Gromoh@aol.com

Ineptness before 9 11, yes, and we can thank all of them for changing our lives forever and that would be NSA Condi Rice along with those crackerjacks Cheney and W. I remember how proud he was that he could trim brush with his new chain saw!!!! That made the news all summer, everyday for two months...
Oh well let bygones be bygones. I have no problem with them checking my FB.

Traveler123

March 11, 2012 2:56pm

A corrupt government lives in constant terror of Truth. It must monitor all communications to discover, manipulate and silence Truth if it wants corruption to prevail.

BozoAdult

March 11, 2012 5:10pm

You pretty much nailed it.

Traveler123

March 11, 2012 2:54pm

A corrupt government lives in constant terror of Truth. It must monitor all communications to discover, manipulate and silence Truth if it wants corruption to prevail.

William Bednarz

March 11, 2012 1:03pm

fools - reading what other people want them to know . . . as if they were smart enough to tell the difference. . . . . read history before you start spying on citizens

Sageman69

March 11, 2012 12:29pm

Thanks for bringing this information foreward. Ever since the days of J Edgar, with his rants about the evils of communism, into the sixties and seventies with the FBI's monitoring of civilian mail during the Vietnam conflict, to the police state actions at Ruby Ridge and Waco, the FBI has had a central role in US history and politics. As an arm of the modern political state, we need to openly think about and address the role the FBI has played in numerous administrations and ask ourselves--does this agency serve democracy, or the interests of bureaucratic and civilian control of the population? Too often the FBI has historically reflected the thinking, mood and tenor of the times--from the G-men heroism during prohibition, to the information and bureaucratic ineptness leading up to 9 11. Now, with the War on Terror, we have more anxiety and rationale to monitor citizens despite the guarantees found in our constitution. When will we ever learn from our own history, and perhaps stop to think carefully and critically about our policies and their impact? Or is that too archaic a task for an ever chaotic and unmanageable 'constructed' modern society?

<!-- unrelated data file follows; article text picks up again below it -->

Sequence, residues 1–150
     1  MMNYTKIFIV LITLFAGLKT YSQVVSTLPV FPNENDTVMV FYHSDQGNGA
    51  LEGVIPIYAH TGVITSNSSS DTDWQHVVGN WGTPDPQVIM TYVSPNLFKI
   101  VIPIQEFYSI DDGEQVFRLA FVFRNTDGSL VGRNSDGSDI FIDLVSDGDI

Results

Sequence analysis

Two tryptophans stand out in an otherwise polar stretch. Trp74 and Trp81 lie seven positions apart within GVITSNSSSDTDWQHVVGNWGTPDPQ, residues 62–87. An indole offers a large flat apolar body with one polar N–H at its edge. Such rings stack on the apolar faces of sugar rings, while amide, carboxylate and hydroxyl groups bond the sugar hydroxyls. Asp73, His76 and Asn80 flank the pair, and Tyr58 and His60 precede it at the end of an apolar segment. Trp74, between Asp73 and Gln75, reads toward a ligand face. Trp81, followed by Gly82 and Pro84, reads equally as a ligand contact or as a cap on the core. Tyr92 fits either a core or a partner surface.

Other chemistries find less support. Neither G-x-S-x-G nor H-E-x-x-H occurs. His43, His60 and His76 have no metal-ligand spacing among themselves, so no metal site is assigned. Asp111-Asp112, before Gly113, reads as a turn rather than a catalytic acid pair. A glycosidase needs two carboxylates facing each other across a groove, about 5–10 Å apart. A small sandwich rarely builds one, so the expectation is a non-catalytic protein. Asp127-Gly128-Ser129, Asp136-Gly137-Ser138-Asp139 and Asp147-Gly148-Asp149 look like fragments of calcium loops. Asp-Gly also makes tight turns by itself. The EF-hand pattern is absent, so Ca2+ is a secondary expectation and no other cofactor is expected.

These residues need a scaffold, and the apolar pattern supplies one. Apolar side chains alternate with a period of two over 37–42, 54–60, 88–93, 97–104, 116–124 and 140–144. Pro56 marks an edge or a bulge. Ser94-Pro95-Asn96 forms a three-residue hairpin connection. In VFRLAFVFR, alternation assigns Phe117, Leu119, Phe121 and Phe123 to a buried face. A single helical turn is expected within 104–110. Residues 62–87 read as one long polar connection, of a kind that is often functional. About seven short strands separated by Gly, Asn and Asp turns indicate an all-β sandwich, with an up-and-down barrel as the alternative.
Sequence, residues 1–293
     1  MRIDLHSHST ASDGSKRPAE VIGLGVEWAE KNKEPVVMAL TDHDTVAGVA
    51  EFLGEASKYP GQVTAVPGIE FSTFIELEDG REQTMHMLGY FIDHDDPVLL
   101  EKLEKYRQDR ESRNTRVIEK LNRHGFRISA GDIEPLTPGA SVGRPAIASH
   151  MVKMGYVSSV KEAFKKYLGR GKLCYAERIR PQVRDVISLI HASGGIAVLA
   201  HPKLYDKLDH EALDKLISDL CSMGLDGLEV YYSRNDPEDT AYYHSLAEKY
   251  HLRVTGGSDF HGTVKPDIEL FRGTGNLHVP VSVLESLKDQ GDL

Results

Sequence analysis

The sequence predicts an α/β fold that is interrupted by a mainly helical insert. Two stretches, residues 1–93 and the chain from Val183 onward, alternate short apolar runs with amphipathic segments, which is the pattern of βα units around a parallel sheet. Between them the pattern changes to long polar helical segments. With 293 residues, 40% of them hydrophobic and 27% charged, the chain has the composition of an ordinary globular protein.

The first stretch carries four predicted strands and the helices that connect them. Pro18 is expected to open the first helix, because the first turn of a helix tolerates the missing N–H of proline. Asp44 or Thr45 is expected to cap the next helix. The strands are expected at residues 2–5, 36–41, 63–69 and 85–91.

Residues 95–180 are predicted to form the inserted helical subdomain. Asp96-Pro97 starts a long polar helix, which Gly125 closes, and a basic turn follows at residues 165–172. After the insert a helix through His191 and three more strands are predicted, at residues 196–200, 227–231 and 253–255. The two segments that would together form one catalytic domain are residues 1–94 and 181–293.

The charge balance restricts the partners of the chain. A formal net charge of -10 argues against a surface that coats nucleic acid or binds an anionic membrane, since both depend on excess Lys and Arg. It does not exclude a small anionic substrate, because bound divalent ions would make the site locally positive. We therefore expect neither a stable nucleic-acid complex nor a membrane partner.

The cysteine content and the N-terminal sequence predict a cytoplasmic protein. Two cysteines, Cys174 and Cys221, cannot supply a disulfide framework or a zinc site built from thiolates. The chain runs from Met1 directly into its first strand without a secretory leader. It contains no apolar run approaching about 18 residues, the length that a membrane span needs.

Cedar Cat

March 11, 2012 12:28pm

Big Brother has already arrived and is putting his fingers on more and more angles of communication. So, can they see inside our homes with our webcams? Orwell missed by 20 years, it wasn't 1984, it was 2002 forward.

Yes. They can see you through your webcams. It's an app. Also, hear you through any phone-even when it's hung up. Including your cell phone. Track your location? Please.

We have been toast for nearly a decade.

tpowen

March 11, 2012 11:46am

.

Lori Norman

March 11, 2012 10:53am

sorry for second post

Lori Norman

March 11, 2012 10:52am

An individual may say, “I do not care if the government listens in on my private conversations, I have nothing to hide”. The point is that at some point the individual may become dissatisfied with government, its regulations, or policies and want to speak out about it. The individual then will come under scrutiny by the government. It is at that time the government will use data collected through public monitoring of private communication to find the individual or individuals of like mind. The government will harass those they can and then prosecute those they cannot silence. The most resent evidence of such actions are those committed against the “occupy movement”.